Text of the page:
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Public is heard at public meetings

By Staff | Feb 16, 2015

I attended the Wells City Council meeting last week, and I?listened objectively and without judgement (I?promise – that’s what I?do) to some discussion about alleyways and shrubs.
Many residents attended the meeting last Monday night to address the City Council about the ordinance which involves setbacks for fences and other landscaping items.
Some portions of the discussion actually became pretty heated.
Now, I don’t live in Wells, so I?am not affected in the least by this ordinance update, so that is not really the point I’m trying to make here.
However, I couldn’t help but think about how cool it was to see this type of discussion taking place between public officials and some of the residents of Wells.
I?don’t necessarily mean the parts of the discussion that got heated or where fingers were being pointed at others.
The blame game usually is not a very good way to handle a situation – especially as adults.
But, I?thought it was great to see that members of the public had attended the City Council meeting at the end of last year with their concerns about the new changes to the ordinance.
The council heard the residents’ concerns, physically went out and looked at some of the lots the new ordinance would affect and decided to revisit the ordinance.
So, at their most recent meeting, the City Council voted to move the setback for fences back to where it had been before it was updated at the end of last year.
And, new Wells City Council member Whitney Warmka said it best at the end of the public hearing.
“I?want to thank you for coming up and expressing your concerns – that does take a lot of courage and not everyone has the courage to do that.”
It’s true, it can be scary to stand up in front of a group of people and express your opinion or concern on a matter. Especially when a decision had already been made and it seemed the case was over and done.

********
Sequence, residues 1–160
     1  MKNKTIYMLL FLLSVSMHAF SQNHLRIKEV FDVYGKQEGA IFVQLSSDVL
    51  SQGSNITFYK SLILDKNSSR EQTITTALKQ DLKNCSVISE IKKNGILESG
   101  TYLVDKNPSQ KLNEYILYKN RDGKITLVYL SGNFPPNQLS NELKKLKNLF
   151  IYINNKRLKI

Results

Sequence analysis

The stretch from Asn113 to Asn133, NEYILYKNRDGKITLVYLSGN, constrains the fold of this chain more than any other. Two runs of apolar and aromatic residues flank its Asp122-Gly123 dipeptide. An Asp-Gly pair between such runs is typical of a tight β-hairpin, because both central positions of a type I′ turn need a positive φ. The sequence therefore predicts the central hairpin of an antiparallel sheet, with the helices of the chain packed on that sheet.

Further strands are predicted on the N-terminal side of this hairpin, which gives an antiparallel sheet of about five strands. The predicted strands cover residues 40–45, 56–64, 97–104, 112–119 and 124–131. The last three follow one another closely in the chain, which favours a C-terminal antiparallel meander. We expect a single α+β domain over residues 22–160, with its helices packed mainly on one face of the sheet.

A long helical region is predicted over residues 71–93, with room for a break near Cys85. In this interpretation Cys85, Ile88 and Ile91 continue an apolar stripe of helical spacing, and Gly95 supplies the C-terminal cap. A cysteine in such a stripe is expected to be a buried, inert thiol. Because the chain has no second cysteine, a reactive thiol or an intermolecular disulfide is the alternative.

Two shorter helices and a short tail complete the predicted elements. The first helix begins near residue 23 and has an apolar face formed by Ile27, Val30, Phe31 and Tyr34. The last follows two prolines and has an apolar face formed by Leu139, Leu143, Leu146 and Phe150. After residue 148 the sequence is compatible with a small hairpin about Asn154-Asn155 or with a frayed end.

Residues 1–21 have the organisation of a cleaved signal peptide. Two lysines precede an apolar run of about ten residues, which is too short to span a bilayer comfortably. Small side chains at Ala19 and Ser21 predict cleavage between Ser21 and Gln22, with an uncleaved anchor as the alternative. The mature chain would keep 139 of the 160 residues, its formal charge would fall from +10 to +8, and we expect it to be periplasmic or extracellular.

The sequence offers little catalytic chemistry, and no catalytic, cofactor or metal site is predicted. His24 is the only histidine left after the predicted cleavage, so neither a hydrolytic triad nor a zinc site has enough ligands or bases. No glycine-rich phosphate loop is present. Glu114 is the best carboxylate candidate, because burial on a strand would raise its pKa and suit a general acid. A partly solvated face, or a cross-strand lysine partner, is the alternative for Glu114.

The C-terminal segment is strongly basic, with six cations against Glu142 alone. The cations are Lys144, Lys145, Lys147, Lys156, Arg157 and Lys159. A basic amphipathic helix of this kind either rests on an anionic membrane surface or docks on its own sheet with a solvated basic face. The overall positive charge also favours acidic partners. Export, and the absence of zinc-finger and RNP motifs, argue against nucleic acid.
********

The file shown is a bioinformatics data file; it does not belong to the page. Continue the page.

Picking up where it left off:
I have no right to preach when it comes to this because I am terrified to speak in front of more than three people at a time.
But, the point is that this is how it should be. Speak up and have your point of view heard.
To revisit some advice I?received as a child from my parents, ‘you might as well give it a shot. What’s the worst that could happen – they say no?’
And, that’s exactly right, even when it comes to attending a public meeting to express your concerns. You might get shot down, but then again, you might make a difference.
Although, the example I’m referring to is about the distance from an alleyway to which you can build a fence or plant a shrub.
But, it does affect some people – many of the issues addressed by our city councils do.
I cover Wells City Council, Winnebago City Council and a handful of other board and council meetings, and most of them schedule a time at the beginning of their meetings specifically for public comment.
Most of the time, the council will open the meeting for public comment only to find no one from the public is even at the meeting.
But, that’s why they put that portion of the meeting on the agenda each month – just in case there is one.
If you have a concern or question about a topic in your city, that’s why the City Council is there. Don’t be afraid to speak up!